• It should be noted that although user input devices and peripheral devices may be employed, the language neutral search system controller may be embodied as an embedded, dedicated, and/or monitor-less (i.e., headless) device, wherein access would be provided over a network interface connection.
  • Cryptographic units such as, but not limited to, microcontrollers, processors 626, interfaces 627, and/or devices 628 may be attached, and/or communicate with the language neutral search system controller. A MC68HC16 microcontroller, commonly manufactured by Motorola Inc., may be used for and/or within cryptographic units.
  • Equivalent microcontrollers and/or processors may also be used. The MC68HC16 microcontroller utilizes a 16-bit multiply-and-accumulate instruction in the 16 MHz configuration and requires less than one second to perform a 512-bit RSA private key operation. Cryptographic units support the authentication of communications from interacting agents, as well as allowing for anonymous transactions. Cryptographic units may also be configured as part of CPU. Other commercially available specialized cryptographic processors include VLSI Technology's 33 MHz 6868 or Semaphore Communications' 40 MHz Roadrunner 184.
  • Memory
  • Generally, any mechanization and/or embodiment allowing a processor to affect the storage and/or retrieval of information is regarded as memory 629. However, memory is a fungible technology and resource, thus, any number of memory embodiments may be employed in lieu of or in concert with one another. It is to be understood that the language neutral search system controller and/or a computer systemization may employ various forms of memory 629. For example, a computer systemization may be configured wherein the functionality of on-chip CPU memory (e.g., registers), RAM, ROM, and any other storage devices are provided by a paper punch tape or paper punch card mechanism; of course such an embodiment would result in an extremely slow rate of operation. In a typical configuration, memory 629 will include ROM 606, RAM 605, and a storage device 614. A storage device 614 may be any conventional computer system storage. Storage devices may include a drum; a (fixed and/or removable) magnetic disk drive; a magneto-optical drive; an optical drive (i.e., CD ROM/RAM/Recordable (R), ReWritable (RW), DVD R/RW, etc.); an array of devices (e.g., Redundant Array of Independent Disks (RAID)); and/or other devices of the like. Thus, a computer systemization generally requires and makes use of memory.
  • Component Collection
  • The memory 629 may contain a collection of program and/or database components and/or data such as, but not limited to: operating system component(s) 615 (operating system); information server component(s) 616 (information server); user interface component(s) 617 (user interface); Web browser component(s) 618 (Web browser); database(s) 619; mail server component(s) 621; mail client component(s) 622; cryptographic server component(s) 620 (cryptographic server); the language neutral search system component(s) 635; and/or the like (i.e., collectively a component collection). These components may be stored and accessed from the storage devices and/or from storage devices accessible through an interface bus. Although non-conventional program components such as those in the component collection, typically, are stored in a local storage device 614, they may also be loaded and/or stored in memory such as: peripheral devices, RAM, remote storage facilities through a communications network, ROM, various forms of memory, and/or the like.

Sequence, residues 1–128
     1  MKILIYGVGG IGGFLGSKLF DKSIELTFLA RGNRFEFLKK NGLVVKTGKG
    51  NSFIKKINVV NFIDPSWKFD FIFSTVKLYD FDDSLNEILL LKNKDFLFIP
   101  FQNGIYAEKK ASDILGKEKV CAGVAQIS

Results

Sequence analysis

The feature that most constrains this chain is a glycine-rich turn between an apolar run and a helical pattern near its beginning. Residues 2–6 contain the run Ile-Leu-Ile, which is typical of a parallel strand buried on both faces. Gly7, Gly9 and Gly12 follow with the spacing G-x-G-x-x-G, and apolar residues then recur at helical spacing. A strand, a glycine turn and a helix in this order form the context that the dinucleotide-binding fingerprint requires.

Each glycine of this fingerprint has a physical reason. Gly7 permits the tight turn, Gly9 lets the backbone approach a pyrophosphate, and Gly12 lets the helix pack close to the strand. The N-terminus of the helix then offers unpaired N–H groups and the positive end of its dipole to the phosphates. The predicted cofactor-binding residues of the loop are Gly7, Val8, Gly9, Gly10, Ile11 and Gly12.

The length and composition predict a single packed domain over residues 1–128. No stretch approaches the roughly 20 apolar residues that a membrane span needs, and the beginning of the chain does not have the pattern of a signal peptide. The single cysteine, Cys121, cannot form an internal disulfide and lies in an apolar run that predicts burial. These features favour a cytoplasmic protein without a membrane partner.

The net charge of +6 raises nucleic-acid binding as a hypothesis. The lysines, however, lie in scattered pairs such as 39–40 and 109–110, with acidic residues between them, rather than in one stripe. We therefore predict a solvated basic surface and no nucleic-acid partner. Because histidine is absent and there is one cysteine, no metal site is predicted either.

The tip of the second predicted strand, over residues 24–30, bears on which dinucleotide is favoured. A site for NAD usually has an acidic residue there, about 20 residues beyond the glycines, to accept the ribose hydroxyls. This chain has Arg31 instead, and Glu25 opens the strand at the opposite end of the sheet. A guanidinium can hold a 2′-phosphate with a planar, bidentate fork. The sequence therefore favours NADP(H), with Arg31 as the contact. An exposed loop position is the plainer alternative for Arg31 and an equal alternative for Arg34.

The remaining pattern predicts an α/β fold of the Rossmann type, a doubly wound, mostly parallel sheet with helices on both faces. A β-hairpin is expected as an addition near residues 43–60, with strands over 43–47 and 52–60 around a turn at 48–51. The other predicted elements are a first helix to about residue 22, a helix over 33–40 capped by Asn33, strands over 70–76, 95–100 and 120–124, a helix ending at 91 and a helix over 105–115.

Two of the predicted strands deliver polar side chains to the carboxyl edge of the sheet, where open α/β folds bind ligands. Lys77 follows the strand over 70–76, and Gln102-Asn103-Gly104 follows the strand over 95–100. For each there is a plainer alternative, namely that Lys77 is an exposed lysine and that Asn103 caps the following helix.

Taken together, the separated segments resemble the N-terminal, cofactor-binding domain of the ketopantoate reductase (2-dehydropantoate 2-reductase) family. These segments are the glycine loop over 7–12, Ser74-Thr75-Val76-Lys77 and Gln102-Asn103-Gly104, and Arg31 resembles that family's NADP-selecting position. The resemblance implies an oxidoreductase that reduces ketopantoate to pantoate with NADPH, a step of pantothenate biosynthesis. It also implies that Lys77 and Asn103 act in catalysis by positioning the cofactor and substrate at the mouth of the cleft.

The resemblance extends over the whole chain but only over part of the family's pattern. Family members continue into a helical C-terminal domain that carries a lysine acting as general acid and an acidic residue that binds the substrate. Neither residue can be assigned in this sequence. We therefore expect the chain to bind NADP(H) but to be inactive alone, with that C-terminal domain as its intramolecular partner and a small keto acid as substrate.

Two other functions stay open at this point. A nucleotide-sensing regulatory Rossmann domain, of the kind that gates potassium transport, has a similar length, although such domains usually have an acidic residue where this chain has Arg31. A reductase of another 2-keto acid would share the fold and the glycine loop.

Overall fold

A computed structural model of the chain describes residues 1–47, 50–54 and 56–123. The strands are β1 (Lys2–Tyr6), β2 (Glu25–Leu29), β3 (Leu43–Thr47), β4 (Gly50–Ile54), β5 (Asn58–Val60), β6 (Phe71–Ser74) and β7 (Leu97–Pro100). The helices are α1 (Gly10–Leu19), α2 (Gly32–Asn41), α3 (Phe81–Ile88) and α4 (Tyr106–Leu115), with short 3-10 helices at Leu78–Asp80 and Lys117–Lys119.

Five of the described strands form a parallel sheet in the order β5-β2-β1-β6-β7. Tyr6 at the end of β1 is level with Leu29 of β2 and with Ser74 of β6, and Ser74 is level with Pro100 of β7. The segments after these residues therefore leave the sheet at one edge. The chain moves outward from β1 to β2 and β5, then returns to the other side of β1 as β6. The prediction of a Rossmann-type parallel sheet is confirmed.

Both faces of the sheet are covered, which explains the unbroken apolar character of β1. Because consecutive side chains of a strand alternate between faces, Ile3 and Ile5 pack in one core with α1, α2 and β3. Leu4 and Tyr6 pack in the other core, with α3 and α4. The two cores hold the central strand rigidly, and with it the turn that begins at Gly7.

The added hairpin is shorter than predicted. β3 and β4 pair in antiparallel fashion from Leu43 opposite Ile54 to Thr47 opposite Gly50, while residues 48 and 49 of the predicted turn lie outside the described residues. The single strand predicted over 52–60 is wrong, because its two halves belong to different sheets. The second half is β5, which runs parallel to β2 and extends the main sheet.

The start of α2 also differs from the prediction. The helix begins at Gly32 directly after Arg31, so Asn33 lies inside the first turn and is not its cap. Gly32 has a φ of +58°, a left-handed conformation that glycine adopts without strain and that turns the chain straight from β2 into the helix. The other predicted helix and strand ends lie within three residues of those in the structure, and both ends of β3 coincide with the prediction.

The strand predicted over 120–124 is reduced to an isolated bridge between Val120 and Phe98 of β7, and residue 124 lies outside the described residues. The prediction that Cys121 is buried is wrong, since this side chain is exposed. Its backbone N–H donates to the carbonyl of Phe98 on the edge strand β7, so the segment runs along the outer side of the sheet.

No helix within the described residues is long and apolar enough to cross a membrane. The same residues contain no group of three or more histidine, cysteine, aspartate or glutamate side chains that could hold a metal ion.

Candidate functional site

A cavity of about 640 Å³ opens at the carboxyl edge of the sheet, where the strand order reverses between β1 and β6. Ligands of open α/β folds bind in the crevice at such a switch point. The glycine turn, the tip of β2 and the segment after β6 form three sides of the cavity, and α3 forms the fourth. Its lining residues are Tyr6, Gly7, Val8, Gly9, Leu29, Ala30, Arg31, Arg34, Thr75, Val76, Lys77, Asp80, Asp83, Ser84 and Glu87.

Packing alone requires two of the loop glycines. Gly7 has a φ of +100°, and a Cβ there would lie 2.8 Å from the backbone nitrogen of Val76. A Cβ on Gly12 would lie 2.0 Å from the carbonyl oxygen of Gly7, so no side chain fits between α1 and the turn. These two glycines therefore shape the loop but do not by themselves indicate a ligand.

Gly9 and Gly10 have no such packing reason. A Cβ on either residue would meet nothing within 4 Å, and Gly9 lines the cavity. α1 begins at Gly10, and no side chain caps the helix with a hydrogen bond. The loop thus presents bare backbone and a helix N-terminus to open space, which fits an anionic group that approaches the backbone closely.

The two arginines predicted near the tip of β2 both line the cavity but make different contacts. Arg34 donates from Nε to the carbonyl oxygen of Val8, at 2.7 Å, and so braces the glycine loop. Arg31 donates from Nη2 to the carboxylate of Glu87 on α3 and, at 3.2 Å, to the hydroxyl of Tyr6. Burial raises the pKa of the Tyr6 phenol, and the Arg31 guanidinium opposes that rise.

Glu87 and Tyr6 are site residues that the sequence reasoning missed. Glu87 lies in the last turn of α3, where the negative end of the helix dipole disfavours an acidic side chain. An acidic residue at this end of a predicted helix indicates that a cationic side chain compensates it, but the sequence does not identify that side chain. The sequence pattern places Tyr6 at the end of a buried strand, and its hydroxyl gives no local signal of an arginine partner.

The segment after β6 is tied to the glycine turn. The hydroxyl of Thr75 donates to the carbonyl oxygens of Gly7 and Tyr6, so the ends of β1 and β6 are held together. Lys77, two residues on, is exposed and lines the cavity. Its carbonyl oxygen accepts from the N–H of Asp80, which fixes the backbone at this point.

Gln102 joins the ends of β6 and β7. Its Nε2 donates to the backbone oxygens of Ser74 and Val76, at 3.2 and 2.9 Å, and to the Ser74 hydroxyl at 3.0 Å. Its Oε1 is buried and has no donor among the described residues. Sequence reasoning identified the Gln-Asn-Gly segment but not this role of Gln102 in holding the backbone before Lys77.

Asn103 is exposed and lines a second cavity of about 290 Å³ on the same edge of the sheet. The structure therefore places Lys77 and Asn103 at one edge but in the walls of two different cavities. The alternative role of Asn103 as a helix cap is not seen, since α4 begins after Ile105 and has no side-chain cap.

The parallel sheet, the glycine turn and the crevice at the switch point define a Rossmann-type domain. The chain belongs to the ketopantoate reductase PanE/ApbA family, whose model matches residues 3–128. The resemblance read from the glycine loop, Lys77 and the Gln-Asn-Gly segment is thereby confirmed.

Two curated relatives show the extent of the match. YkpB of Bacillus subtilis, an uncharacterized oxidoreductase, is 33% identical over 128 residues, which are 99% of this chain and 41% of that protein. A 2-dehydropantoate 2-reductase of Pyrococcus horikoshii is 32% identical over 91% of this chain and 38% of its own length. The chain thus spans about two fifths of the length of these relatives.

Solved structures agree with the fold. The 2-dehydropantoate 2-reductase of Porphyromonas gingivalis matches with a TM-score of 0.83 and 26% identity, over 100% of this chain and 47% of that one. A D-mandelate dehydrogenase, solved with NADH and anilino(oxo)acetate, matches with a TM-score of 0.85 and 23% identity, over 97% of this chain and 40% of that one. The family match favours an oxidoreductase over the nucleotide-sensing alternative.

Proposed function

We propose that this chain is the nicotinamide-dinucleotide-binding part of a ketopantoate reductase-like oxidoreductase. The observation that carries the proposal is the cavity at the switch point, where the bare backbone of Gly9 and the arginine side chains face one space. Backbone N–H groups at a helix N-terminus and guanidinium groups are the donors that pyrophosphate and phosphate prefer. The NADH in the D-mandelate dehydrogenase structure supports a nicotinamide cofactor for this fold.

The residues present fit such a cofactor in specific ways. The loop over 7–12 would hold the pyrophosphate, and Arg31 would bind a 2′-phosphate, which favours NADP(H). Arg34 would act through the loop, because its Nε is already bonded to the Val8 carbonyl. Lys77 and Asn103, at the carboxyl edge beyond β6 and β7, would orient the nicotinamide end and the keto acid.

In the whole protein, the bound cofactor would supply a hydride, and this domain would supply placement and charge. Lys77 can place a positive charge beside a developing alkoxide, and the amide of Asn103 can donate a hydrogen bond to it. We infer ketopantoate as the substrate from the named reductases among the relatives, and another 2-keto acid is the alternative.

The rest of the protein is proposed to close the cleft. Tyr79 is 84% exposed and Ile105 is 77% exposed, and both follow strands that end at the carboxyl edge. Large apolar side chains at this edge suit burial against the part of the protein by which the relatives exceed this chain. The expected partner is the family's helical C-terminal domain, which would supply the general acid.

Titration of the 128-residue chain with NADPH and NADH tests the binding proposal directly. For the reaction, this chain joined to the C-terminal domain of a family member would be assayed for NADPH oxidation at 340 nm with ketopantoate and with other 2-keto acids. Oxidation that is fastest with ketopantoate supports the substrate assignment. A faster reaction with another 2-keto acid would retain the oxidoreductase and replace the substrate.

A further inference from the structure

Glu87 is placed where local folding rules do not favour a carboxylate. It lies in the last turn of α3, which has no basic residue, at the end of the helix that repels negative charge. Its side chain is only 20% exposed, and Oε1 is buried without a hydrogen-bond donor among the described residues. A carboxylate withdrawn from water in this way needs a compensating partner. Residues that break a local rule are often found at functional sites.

• Operating System
  • The operating system component 615 is an executable program component facilitating the operation of the language neutral search system controller. Typically, the operating system facilitates access of I/O, network interfaces, peripheral devices, storage devices, and/or the like. The operating system may be a highly fault tolerant, scalable, and secure system such as Apple Macintosh OS X (Server), AT&T Plan 9, Be OS, Linux, Unix, and/or the like operating systems. However, more limited and/or less secure operating systems also may be employed such as Apple Macintosh OS, Microsoft DOS, Microsoft Windows 2000/2003/3.1/95/98/CE/Millenium/NT/Vista/XP (Server), Palm OS, and/or the like. An operating system may communicate to and/or with other components in a component collection, including itself, and/or the like. Most frequently, the operating system communicates with other program components, user interfaces, and/or the like. For example, the operating system may contain, communicate, generate, obtain, and/or provide program component, system, user, and/or data communications, requests, and/or responses. The operating system, once executed by the CPU, may enable the interaction with communications networks, data, I/O, peripheral devices, program components, memory, user input devices, and/or the like. The operating system may provide communications protocols that allow the language neutral search system controller to communicate with other entities through a communications network 613. Various communication protocols may be used by the language neutral search system controller as a subcarrier transport mechanism for interaction, such as, but not limited to: multicast, TCP/IP, UDP, unicast, and/or the like.